Meanwhile, Chief Izm is in on this plot, and spreads anti-doctor sentiment about Deen. Some of the local  townspeople try to capture her, and she barely escapes, finding an injured Fireball Feeney lying in the snow.

Elements of Note:
Steve has cottoned on to the fact that Izm might not be on the up and up. He's supposedly Muslim, and Muslims don't drink alcohol! But Steve is cautioned to not jump to conclusions -- plenty of people backslide on their religious beliefs. I found this to be a pretty interesting moment: Muslims, to the 1948 American audience, were probably seen as pretty exotic. And  yet Caniff goes out of his way to portray their religious devotion as a matter of individual choice. In a simpler narrative, that drink clue would be the only clue Steve would need to prove Izm was a liar. As it is, though, Izm is given the chance to be more complex than that. 

Arrivals:
None of note.

Departures:
Is this the end of Fireball Feeney? I doubt it.

“…on Nov. 30, there's a strip that says that Steve's crew is still recovering from cholera... and I'm not sure if we see any of them again, but the introduction mentions that Caniff realized the strip was getting too crowded, and used the epidemic to write them out.”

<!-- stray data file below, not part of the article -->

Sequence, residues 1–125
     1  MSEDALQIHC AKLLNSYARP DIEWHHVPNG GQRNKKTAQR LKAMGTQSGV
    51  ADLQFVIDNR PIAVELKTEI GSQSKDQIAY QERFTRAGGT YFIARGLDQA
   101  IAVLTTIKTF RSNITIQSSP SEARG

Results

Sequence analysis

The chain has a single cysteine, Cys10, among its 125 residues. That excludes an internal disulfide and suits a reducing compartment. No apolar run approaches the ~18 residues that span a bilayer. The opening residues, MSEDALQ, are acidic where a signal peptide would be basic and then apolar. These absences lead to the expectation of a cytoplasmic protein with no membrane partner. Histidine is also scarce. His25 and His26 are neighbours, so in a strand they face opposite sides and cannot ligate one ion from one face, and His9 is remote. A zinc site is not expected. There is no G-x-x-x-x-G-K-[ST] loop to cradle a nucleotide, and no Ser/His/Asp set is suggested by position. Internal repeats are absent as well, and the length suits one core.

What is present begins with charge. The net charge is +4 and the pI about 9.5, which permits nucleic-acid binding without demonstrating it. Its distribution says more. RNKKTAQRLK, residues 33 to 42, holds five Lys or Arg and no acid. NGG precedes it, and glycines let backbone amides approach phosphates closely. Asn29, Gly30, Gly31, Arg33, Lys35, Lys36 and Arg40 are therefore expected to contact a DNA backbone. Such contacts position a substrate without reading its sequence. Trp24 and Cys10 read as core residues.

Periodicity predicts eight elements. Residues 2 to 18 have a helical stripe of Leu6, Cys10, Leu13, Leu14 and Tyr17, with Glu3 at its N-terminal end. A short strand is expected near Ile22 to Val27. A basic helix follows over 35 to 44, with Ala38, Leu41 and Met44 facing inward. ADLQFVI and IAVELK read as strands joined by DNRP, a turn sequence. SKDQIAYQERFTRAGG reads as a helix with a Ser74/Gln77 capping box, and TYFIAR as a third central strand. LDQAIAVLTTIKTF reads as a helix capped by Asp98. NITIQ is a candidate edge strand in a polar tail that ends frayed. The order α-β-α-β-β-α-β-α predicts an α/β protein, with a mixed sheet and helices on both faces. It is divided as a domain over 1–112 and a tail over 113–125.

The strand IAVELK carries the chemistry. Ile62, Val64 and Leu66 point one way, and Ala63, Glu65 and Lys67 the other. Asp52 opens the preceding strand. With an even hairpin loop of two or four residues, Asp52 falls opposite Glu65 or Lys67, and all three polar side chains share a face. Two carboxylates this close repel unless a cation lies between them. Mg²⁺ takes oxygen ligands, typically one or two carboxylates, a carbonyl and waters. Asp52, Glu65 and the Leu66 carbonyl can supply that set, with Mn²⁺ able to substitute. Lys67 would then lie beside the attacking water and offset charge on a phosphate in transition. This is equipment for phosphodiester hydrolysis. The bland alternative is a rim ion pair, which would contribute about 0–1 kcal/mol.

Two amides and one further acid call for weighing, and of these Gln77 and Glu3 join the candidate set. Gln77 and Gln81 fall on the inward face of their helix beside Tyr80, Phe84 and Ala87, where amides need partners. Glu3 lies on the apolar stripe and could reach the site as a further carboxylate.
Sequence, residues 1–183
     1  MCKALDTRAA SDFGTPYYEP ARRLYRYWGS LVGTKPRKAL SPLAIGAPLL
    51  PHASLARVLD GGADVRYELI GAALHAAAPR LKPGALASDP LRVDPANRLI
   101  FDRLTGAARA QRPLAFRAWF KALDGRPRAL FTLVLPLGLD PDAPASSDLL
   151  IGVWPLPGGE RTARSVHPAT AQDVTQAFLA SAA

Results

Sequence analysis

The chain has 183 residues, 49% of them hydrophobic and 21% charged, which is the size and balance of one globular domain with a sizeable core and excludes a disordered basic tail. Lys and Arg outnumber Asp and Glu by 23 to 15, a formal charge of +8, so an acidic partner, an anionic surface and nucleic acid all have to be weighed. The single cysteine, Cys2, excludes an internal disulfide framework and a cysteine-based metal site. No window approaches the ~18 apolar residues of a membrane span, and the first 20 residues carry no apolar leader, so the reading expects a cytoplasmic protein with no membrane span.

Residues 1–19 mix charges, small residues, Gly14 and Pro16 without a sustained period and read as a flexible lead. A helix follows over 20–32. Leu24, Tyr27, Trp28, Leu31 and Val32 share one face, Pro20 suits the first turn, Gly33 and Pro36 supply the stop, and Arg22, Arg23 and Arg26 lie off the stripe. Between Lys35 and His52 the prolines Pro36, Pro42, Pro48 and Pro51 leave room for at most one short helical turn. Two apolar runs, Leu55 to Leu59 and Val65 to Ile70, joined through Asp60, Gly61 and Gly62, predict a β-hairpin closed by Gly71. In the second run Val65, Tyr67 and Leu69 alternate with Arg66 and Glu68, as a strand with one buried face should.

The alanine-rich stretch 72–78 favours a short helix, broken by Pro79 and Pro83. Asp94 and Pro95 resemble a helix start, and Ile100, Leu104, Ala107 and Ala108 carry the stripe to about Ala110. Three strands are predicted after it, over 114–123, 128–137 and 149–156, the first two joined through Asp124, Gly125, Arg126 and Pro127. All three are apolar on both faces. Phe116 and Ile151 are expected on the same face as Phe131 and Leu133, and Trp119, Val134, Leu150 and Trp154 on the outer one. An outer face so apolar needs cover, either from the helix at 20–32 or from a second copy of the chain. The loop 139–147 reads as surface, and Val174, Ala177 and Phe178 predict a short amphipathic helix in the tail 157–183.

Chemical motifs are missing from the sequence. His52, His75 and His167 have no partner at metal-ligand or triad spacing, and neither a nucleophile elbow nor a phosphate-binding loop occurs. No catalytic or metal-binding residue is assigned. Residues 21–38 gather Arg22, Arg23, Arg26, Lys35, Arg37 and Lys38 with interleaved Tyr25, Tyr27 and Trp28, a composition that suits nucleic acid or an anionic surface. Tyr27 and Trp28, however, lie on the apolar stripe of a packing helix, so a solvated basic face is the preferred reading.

MILTON CANIFF ON [THAT]…

“But that small space, that stage, gets crowded very quickly. At a given time, three, maybe four at the most, characters are all the reader’s mind can handle in terms of continuity. When you expand beyond that you have to have the focus on just one or two characters and then spotlight the others at a later point. I had too many people on the stage at one time, too much going on, too much talk. It was time to shift gears and push a few off, because if you lose your audience, you’ve lost your point. We continuity strip guys are like Scheherazade. We tell our stories to live just one more day.”

Oh, wow -- I love that comparison to Scheherazade!

*confession: I totally copied and pasted that, rather than figuring out how to type it letter by letter.

“Oh, wow -- I love that comparison to Scheherazade!”

I took that from an essay in which Caniff compares Steve Canyon to a “picaresque” novel.

FULL DISCLOSURE: I plan to crib a bit more of his essay for my Tintin discussion when I get to “Tintin and the Picaros”.